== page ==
Which Is The Mobile Cloud Option For You? iCloud vs. SkyDrive vs. Google Drive

mobilecloud   Which Is The Mobile Cloud Option For You? iCloud vs. SkyDrive vs. Google DriveIt seems the cloud is hard to escape these days – both in your daily tech life, and on websites such as ours. Only last week I wrote an article about cloud-based PowerPoint alternatives, the week before an article about DOS games in the cloud and before that you might have caught me harping on about online backup solutions.

There’s good reason for the buzz – it’s both handy and a growing necessity to have quick access to your important files in this day and age. We live in a world where our constant connection to the web has spilled over into every corner of life – from the never-ending stream of email in your inbox to your smartphone that has an app for just about everything.

The “big 3” are often considered to be Microsoft, Apple and Google’s offerings – so this week we’ll be discussing the virtues of each when it comes to mobile usage.


Apple’s cloud-based storage solution, aptly named iCloud, is somewhat different to the other two in that you need to purchase an Apple device in order to use it. That said, the iPhone is the single most popular smartphone (read: phone, not platform) out there so there are a lot of people who do in fact own an iPhone but happily use Windows or Linux as their primary desktop operating system of choice. Perhaps a more pertinent consideration is whether or not the purchase of additional iCloud storage is in fact worth it, especially if you’re already heavily invested in the Apple ecosystem.

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Just to refresh, you can purchase an additional 10GB, 20GB or 50GB of iCloud storage for an annual fee of $20, $40 and $100 respectively. This is in addition to the 5GB you get for free, which is then used to keep your data synchronised across all of your Apple devices. If you have a Mac and iPhone (and possibly an iPad) then this is starting to look like a good option, with iCloud now more deeply integrated than ever into iOS and the latest OS X release, Mountain Lion.

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If you’re purchasing an iPhone or iPad then the 5GB of free storage should be one of the first things you set up, even if you only use it as backup. Your iPhone will automatically save a copy of all your data to the cloud whenever plugged in, connected to Wi-Fi and asleep (this feature is enabled by default) meaning you can restore a backup even if you’re thousands of miles from home, provided you have time and an internet connection.

Free storage: 5GB, limited to Apple customers only.
Extras: Find my iPhone, Find my Mac, Back to my Mac, @me.com Email, iOS Backups in the cloud.
Web access: Contacts, Calendars, Mail, iWork Documents @ iCloud.com.
Software integration: All iOS devices compatible with iOS 5 and above, Mac OS X 10.7 and above (integration into core apps such as iPhoto and TextEdit), Windows with iCloud Control Panel (limited features).
Who it’s good for: iPhone, iPad and Mac users, 5GB of free backup for anyone with an iDevice should be taken advantage of, those who use Reminders and Notes apps on their devices or appreciate having Contacts synchronised across the board.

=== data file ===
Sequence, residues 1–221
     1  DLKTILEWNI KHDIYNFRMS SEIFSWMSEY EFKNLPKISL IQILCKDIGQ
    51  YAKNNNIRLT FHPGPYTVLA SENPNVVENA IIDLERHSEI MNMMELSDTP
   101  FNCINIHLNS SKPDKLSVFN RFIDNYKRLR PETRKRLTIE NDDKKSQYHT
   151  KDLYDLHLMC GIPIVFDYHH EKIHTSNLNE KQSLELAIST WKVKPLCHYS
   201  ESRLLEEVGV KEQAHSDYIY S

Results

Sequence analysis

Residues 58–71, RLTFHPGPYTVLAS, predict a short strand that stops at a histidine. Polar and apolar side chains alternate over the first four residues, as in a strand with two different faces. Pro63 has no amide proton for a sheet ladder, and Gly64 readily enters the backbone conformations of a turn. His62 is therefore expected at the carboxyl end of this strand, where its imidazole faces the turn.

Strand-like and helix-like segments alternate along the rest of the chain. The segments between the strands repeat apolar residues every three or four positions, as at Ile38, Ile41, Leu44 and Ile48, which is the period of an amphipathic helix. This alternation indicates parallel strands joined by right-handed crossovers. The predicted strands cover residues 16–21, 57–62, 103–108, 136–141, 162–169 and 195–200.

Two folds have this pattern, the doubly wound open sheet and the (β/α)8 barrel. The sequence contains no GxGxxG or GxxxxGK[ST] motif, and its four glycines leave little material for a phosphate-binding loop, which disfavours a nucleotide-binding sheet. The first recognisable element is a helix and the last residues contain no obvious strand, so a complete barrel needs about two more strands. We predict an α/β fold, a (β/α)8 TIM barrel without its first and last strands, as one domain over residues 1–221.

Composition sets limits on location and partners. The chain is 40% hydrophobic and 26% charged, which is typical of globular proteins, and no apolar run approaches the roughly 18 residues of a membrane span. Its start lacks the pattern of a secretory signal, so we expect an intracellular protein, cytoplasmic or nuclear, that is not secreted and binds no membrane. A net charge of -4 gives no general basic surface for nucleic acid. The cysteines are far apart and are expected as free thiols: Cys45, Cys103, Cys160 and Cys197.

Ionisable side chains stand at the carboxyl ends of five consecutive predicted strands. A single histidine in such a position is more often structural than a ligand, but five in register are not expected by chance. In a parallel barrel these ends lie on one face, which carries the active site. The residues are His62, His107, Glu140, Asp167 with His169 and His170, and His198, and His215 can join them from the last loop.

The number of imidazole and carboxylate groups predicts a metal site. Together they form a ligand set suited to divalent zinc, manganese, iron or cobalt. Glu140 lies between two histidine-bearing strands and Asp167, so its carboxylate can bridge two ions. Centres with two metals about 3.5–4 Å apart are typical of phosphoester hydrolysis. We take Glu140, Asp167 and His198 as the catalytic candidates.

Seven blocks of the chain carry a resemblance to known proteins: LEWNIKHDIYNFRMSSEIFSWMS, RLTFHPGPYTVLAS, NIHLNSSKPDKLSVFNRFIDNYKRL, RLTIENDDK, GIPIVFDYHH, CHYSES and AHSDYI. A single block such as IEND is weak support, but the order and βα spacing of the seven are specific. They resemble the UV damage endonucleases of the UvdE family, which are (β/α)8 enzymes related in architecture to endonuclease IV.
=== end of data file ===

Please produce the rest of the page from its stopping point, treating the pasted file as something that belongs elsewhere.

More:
Who it’s not good for: Users who don’t own Apple products, less useful for Mac users with tablets or smartphones which aren’t iPhone or iPad devices.

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Bottom line: 5GB of complementary space is definitely worth it for iPhone or iPad users as a backup, though iCloud isn’t as flexible as the other services when it comes to file storage. Sign up anyway, just don’t expect to rely on it solely without spending more money on space.


Microsoft’s SkyDrive offering is decidedly Windows 8 in look and feel, and unlike iCloud it’s available for every major platform including iOS, Android and their own Windows Phone OS without the need for a Windows PC or other Microsoft device. You also probably already have an account which you can use – if you’re an Xbox gamer, Hotmail user or still have your MSN Messenger account credentials somewhere then you only need to sign in to receive 7GB of free space. If you signed up while the offer was still there, you had a chance to grab 25GB of space at one point.

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The free storage space is the most offered by any of the free services here, with increased storage being cheap with 20GB, 50GB and 100GB upgrades available for yearly payments of $10, $25 and $50 respectively. Windows Phone 7 users will have to download the app from Windows Phone Marketplace in order to access files, but the snaps they take with their phone will then be automatically uploaded and available from SkyDrive enabled PCs, Macs and of course the Web. Windows Phone 8, announced a few months ago, is set to bring even further integration with Microsoft’s cloud storage offering though app developers have been receiving mixed messages when it comes to using SkyDrive as an iCloud-like backup solution.

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And that is where the biggest differences between iCloud and SkyDrive reside. SkyDrive is able to store and create files using a drag and drop or webapp interface, from SkyDrive.com but iCloud is primarily a backup and sync tool, with no options for document creation but automatic backup of your iDevice. SkyDrive’s impressive array of cross-platform mobile applications makes accessing files from an iOS, Android or Windows Phone devices pretty easy. It’s ideal for Office users who would like to access their SkyDrive documents on the go, and makes the perfect accompaniment to a backup such as that offered by iCloud.
Free storage: 7GB
Extras: SkyDrive WebApps for Word/Excel/PowerPoint/OneNote, file sharing, group file sharing, remote access to Windows PCs